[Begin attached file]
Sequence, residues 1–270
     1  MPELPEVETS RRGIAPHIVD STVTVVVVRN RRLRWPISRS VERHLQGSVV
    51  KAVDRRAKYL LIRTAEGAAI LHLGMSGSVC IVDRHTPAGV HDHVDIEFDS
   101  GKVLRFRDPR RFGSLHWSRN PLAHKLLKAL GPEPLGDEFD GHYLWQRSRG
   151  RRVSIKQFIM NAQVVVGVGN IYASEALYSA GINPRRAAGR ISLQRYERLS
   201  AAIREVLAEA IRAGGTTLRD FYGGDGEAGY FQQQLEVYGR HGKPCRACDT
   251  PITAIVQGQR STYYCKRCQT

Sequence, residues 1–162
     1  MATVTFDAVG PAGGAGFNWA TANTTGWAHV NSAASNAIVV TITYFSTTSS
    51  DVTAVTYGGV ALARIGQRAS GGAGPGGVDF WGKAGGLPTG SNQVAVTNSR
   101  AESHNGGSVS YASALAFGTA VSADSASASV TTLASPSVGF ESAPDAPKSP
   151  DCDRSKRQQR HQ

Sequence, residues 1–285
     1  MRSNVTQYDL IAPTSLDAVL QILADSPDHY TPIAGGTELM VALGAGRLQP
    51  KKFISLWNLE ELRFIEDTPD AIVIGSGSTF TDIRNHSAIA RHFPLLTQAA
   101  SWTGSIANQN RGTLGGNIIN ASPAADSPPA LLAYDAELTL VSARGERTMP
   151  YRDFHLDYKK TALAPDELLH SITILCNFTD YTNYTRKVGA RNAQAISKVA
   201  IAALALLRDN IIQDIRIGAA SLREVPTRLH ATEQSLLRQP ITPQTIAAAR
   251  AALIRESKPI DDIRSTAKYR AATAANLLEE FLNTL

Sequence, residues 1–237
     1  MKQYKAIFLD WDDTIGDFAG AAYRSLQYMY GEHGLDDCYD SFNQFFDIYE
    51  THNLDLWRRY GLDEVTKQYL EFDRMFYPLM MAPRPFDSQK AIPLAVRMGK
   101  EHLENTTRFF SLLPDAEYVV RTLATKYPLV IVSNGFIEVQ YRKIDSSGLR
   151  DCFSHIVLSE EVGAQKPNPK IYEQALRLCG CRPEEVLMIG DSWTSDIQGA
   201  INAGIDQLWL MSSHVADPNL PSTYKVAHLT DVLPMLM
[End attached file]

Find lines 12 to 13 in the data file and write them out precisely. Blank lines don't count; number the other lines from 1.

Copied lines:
   151  DCDRSKRQQR HQ

Sequence, residues 1–285